Oh, I forgot. He was a democrat which gave him the right to be wrong.

Why do you forget that DUHbya came into office offering to bring integrity back to the WH and not to repeat the mistakes of Clinton???

Did he just mean the fat intern ones? :hmmm:

BroWhippendiddle
01-30-2005, 04:24 PM
Why do you forget that DUHbya came into office offering to bring integrity back to the WH and not to repeat the mistakes of Clinton???

Did he just mean the fat intern ones? :hmmm:

To date I don't know of the President of lying while under oath.

What you hate about the President does not qualify as a comparable integrity statement as you are not only biased against him but you are very biased.

I don't think you have the ability to compare the two presidents in an objective manner.

memyselfI
01-30-2005, 04:25 PM
To date I don't know of the President of lying while under oath.

What you hate about the President does not qualify as a comparable integrity statement as you are not only biased against him but you are very biased.

I don't think you have the ability to compare the two presidents in an objective manner.


Oh :doh!: , so anything short of lying under oath is fair game...got it.ROFL

BroWhippendiddle
01-30-2005, 04:29 PM
Oh :doh!: , so anything short of lying under oath is fair game...got it.ROFL


So you are saying that lying under oath is acceptable?

I haven't mentioned anything about your oval office experiences. That part of Clintons problems are between him and Billary. The fact that he was impeached should be clear enough for you. And, for the record, he was found guilty but not removed from office.

When President Bush is brought up on charges we can revisit your hatred.

memyselfI
01-30-2005, 04:39 PM
So you are saying that lying under oath is acceptable?

I haven't mentioned anything about your oval office experiences. That part of Clintons problems are between him and Billary. The fact that he was impeached should be clear enough for you. And, for the record, he was found guilty but not removed from office.

When President Bush is brought up on charges we can revisit your hatred.

Nope, I thought Clinton was a fool then and do now. It's not acceptable...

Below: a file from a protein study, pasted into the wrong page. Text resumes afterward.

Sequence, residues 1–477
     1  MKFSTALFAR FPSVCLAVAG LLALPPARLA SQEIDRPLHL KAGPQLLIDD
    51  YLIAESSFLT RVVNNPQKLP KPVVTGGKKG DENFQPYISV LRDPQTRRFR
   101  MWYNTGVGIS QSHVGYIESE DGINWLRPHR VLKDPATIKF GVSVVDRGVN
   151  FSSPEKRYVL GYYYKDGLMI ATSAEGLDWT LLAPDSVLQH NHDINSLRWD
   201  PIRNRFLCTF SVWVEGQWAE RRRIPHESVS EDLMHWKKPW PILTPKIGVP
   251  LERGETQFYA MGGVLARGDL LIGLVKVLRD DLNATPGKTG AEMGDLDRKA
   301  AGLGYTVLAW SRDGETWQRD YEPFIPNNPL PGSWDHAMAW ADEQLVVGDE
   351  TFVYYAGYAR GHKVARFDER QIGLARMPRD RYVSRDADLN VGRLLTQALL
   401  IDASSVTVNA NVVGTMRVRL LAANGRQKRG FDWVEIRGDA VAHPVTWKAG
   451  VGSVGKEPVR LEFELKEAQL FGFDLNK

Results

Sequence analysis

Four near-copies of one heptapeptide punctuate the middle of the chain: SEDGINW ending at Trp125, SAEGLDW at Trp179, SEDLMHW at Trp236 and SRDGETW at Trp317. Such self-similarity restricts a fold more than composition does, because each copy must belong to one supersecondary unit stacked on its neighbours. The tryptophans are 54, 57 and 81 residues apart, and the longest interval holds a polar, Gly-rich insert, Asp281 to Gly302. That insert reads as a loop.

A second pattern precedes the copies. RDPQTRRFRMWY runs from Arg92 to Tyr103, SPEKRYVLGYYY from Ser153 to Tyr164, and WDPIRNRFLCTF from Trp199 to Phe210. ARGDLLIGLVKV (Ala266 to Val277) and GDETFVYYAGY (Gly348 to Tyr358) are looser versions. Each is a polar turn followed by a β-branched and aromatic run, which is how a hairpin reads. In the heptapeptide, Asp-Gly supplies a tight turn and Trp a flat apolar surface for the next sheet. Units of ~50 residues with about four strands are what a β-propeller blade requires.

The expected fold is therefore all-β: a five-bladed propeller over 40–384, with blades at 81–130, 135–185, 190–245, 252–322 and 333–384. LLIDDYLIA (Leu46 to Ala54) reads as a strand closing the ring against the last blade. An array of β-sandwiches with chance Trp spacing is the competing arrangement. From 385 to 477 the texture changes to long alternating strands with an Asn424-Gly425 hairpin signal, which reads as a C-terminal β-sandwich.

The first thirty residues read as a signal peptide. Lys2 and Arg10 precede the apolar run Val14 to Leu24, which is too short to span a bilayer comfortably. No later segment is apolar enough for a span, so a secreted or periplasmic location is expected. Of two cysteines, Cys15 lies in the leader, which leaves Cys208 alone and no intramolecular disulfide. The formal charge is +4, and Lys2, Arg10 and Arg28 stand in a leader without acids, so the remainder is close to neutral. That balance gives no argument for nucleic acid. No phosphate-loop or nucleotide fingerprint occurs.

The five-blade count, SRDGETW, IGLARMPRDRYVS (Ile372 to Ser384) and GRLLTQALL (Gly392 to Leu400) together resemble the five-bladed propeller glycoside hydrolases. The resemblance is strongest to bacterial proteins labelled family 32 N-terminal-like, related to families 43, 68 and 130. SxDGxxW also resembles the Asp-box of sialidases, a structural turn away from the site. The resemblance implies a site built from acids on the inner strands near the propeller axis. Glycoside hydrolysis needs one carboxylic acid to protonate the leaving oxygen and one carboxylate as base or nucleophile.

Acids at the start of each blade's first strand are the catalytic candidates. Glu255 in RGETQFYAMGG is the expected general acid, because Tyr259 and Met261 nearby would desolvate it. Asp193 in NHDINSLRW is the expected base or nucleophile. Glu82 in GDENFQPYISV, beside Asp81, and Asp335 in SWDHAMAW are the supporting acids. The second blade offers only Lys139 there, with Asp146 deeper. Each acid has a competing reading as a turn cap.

but no one died because of his deception.

CHIEF4EVER
01-30-2005, 04:42 PM
Nope, I thought Clinton was a fool then and do now. It's not acceptable...

but no one died because of his deception.

No but an awful lot of people died because of his IMCOMPETENCE in Somalia. His deception simply made a mockery of his office and costed the US a lot of credibility.

stevieray
01-30-2005, 04:43 PM
but no one died because of his deception.

No, people died because of his inability to act

BroWhippendiddle
01-30-2005, 04:46 PM
Nope, I thought Clinton was a fool then and do now. It's not acceptable...

but no one died because of his deception.

You might be correct about his lies. You are incorrect in thinking that Clinton had nothing to do with those that died on 9/11. It was Clinton's inaction that gave an open invitation to OBL to attack in the manner he did. At least four times during his administration the U.S. was attacked and he didn't do anything other than to fire a missile up a camel's butt!!

President Bush is taking the heat for what Clinton caused.

memyselfI
01-30-2005, 05:13 PM
You might be correct about his lies. You are incorrect in thinking that Clinton had nothing to do with those that died on 9/11. It was Clinton's inaction that gave an open invitation to OBL to attack in the manner he did. At least four times during his administration the U.S. was attacked and he didn't do anything other than to fire a missile up a camel's butt!!

President Bush is taking the heat for what Clinton caused.

Even DUHbya's perceived successes are Clinton's fault. ROFL :clap: :thumb:

CHIEF4EVER
01-30-2005, 05:18 PM
Even DUHbya's perceived successes are Clinton's fault. ROFL :clap: :thumb:

So you are maintaining that Clintadultereron didn't drop the ball after US interests were repeatedly attacked?

Braincase
01-30-2005, 05:44 PM
Profiteering from ideological journalism is nothing new and it happens regularly, although typically the check comes after the process rather than before.

I wonder who pays for Michael Moore's phaque-mentories?

BroWhippendiddle
01-30-2005, 06:10 PM
Even DUHbya's perceived successes are Clinton's fault. ROFL :clap: :thumb:

Name the successes that Clinton gave to Bush!!!

Cutting Social Security? Yep, that happened during Clintons admin.

SBK
01-30-2005, 10:19 PM
No, people died because of his inability to act

Might as well stop posting on here now, it's all downhill from this one! REP.

SBK
01-30-2005, 10:21 PM
Who was it that promised the dems 15 points in last falls election?

This thread cracks me up cause the media is so far in the tank for the left wingers, that these 3 folks taking any heat (for something they did that was wrong) is completely laughable.

Loki
01-31-2005, 09:55 AM
Nope, I thought Clinton was a fool then and do now. It's not acceptable...

but no one died because of his deception.

you gotta be SH!TTING me!!!
:cuss:

did you forget about the USS Cole?
our bombed embassies? his botched
"peace initiatives" in bosnia and somalia?
the WTC, etc etc etc etc etc etc etc???!!!

(i'm wasting my time again aren't i?)
:shake: :shake: :shake: :shake: :shake: